Is it a phone? Is it a tablet? It’s the best of both worlds; at least that’s what the commercials for Samsung’s Galaxy Note have been drilling into our brains for the past two months now. But despite the fact that Samsung has taken a clear interest in strongly advertising this product, like every smartphone/tablet device before it the Galaxy Note has much of the tech world taking a wait-and-see approach, questioning whether such a hybrid could ever be a hit with consumers.
But as many of us sit here looking down our noses at a device that markets itself as the perfect blend of smartphone and tablet technology, Samsung has rolled out some surprising numbers in support of this claim, most notably that it has already moved 5 million units out the door. Based in part of these numbers, the Korean tech company also revealed that the Note has skyrocketed to the number 1 spot in the domestic Korean smartphone market as well as Chinese, French, and Spanish markets as well.
Truly it’s a victory for the much maligned hybrid device, or is it? While some of you may now be wagging that finger of derision at me for my lambasting for the Note when it was unveiled and when it was released, I still take these numbers with a grain of salt. The simple fact is that Samsung’s claims are based on units shipped, not units sold, bringing to mind a picture of boxes of unsold stock instead of one of millions of satisfied customers.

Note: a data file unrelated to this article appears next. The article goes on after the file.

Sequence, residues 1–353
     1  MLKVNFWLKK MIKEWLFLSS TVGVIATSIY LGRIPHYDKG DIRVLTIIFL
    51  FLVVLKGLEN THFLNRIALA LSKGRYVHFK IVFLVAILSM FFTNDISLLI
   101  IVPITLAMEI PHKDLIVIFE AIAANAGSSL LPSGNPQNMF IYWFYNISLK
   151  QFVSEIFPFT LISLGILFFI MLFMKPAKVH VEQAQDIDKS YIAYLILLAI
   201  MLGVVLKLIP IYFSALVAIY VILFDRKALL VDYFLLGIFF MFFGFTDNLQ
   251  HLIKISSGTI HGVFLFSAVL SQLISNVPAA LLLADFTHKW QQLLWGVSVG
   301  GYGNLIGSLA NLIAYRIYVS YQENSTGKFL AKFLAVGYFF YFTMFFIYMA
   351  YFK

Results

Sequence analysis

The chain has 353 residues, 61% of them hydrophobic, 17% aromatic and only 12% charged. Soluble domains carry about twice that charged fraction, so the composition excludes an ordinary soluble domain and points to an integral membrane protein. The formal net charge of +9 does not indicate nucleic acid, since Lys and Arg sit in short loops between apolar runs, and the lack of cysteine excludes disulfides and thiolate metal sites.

While on the face of it the numbers seem impressive, you don’t have to look far on Samsung’s website to find the disclaimer that these figures actually represent the units shipped and not the units sold, an infinitely more comprehensible scenario seeing that Samsung is clearly silly enough to produce and ship tonnes of these hybrid devices on the back of a strong carpet bomb-esque marketing campaign; a situation that allows me to maintain my original argument that the tech consuming public simply isn’t silly enough to buy them.
Truthfully this is not the first time Samsung has fudged the numbers by releasing figures related to volume shipped rather than devices sold in an effort to artificially generate consumer buzz. In fact, the Korean tech company made similiar statements regarding its Galaxy Tab Android tablet computers when the line was first released; followed by a confession last month that the tablet has seen disappointing sales.
So you’ll have to forgive me if the scenario that comes readily to mind is one of warehouses full of boxes of unsold Galaxy Note stock instead of one where 5 million satisfied customers are walking the streets absolutely in love with the fact that their face is partially obscured by their gigantic hybrid device (in fact, I have yet to see one person walking the streets with the Galaxy Note).
To be fair, there’s no question in my mind that the Note will find its niche market, especially among certain professional and artistic crowds who will find value in the ability to scribble notes, drawings, or thoughts onto the phone with the stylus, but I would guess that even so, such adoption won’t be enough to keep the Note around for very long.